State Veterinarian Dr. Tony Forshey is recommending cattle owners in Southwest Ohio monitor their herds closely after the Indiana Board of Animal Health reported this week that bovine tuberculosis (TB) has been diagnosed in a wild white-tailed deer in Franklin County in Southeast Indiana. No cases have been diagnosed in Ohio.
“While the extent to which the disease may be present in the wild deer population is not known, cattle owners in Southwest Ohio should be aware of this finding and take precautions,” said Dr. Forshey. “Monitor your cattle for signs of TB, including lethargy, low-grade fever, and cough, and to take steps to prevent contact between your cattle and wild animals.”
Bovine tuberculosis is a chronic bacterial disease that affects primarily cattle, but can be transmitted to any warm-blooded animal. While clinical signs are not visible, in early stages, signs that the disease is progressing may include emaciation, lethargy, weakness, anorexia, low-grade fever and pneumonia with a chronic, moist cough. Cattle owners who notice any of these signs in their livestock should contact their veterinarian immediately.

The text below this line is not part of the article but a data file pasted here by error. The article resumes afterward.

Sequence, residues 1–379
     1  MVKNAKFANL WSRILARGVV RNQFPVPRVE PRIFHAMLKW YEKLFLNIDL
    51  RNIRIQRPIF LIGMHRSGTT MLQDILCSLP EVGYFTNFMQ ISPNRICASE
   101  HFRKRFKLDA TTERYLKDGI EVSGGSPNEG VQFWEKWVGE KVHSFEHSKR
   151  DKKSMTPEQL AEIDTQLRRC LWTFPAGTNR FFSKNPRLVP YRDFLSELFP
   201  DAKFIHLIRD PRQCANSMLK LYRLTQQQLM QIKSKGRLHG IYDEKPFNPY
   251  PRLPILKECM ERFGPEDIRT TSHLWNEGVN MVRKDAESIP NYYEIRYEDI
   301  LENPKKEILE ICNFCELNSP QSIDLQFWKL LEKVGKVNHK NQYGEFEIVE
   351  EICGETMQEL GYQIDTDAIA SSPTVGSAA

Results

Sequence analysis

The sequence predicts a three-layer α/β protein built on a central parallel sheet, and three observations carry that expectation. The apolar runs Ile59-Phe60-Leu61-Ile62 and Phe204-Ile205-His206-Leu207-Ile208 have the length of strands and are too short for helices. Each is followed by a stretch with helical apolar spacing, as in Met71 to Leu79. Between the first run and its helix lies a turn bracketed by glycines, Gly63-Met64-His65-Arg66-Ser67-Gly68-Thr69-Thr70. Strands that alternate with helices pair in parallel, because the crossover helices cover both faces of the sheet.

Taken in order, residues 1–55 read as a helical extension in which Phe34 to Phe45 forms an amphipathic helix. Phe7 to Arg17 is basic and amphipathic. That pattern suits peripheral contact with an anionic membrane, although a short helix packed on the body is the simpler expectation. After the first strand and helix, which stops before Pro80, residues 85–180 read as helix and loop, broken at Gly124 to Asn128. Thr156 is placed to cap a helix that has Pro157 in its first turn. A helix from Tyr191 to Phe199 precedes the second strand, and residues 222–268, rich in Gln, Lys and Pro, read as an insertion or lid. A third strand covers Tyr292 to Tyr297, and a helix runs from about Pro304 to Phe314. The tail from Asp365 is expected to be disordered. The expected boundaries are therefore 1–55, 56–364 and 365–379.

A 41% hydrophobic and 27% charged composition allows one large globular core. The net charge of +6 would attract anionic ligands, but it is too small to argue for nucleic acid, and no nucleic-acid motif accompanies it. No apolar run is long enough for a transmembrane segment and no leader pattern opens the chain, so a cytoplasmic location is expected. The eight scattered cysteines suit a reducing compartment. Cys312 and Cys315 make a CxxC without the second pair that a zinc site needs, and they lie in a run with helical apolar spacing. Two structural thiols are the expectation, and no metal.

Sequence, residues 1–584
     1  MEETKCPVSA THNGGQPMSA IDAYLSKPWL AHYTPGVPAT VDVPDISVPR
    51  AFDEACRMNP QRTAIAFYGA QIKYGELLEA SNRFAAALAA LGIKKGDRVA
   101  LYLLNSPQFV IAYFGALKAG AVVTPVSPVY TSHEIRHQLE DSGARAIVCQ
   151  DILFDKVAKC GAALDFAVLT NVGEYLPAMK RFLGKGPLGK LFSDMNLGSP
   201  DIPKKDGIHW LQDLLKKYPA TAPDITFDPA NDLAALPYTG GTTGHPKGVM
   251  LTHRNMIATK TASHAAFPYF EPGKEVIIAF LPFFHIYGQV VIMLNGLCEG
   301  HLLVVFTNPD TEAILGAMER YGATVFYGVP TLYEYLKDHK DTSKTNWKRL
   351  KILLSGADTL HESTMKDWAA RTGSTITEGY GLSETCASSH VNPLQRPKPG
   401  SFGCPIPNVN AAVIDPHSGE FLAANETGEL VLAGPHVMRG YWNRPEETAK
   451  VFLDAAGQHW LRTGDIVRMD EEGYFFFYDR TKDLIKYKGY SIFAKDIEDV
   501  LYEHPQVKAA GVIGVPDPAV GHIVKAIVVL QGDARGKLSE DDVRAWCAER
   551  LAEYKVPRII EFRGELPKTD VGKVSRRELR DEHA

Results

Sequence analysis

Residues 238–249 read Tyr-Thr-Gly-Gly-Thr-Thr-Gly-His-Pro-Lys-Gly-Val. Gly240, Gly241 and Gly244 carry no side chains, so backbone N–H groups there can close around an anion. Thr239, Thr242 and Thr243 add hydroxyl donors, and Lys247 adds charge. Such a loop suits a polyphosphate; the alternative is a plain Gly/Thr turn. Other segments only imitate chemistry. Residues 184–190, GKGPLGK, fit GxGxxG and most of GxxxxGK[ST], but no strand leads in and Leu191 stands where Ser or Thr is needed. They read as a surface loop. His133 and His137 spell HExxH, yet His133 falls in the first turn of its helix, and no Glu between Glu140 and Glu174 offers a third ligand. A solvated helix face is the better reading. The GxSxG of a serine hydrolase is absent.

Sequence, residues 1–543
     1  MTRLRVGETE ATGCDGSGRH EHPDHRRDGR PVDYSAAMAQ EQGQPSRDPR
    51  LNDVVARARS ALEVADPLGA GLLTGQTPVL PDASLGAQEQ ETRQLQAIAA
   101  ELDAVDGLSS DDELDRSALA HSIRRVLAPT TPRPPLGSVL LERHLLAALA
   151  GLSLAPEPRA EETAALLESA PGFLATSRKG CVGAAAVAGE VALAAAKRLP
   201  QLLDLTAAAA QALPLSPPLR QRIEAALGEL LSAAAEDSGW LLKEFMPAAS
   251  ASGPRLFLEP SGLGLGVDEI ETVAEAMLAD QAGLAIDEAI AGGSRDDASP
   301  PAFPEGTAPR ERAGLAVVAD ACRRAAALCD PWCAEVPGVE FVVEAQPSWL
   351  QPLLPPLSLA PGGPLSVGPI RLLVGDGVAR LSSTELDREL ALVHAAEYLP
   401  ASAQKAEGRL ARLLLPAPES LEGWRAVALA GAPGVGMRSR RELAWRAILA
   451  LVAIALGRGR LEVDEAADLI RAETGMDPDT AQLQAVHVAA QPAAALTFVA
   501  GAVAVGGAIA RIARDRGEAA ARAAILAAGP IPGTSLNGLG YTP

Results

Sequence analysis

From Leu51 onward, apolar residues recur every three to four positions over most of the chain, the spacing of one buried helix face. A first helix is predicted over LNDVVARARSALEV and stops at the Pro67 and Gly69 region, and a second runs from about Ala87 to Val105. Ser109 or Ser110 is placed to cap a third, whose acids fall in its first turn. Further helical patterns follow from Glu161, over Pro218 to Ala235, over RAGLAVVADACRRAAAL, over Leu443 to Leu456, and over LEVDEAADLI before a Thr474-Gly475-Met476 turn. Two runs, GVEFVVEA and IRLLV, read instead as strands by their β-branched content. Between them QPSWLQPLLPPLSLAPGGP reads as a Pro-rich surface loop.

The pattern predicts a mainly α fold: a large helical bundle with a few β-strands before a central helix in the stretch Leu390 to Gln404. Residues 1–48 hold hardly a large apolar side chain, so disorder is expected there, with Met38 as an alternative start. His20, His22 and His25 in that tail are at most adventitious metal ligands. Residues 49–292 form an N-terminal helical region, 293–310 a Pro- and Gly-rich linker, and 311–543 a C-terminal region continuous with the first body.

Hunters should take precautions to protect themselves, including wearing gloves when field dressing animals and fully cooking all meat. Deer can be infected without noticeable signs of disease, like the doe that tested positive in Indiana. Hunters who notice signs of TB in wildlife should contact the Ohio Department of Natural Resources Division of Wildlife at 1-800-WILDLIFE (945-3543).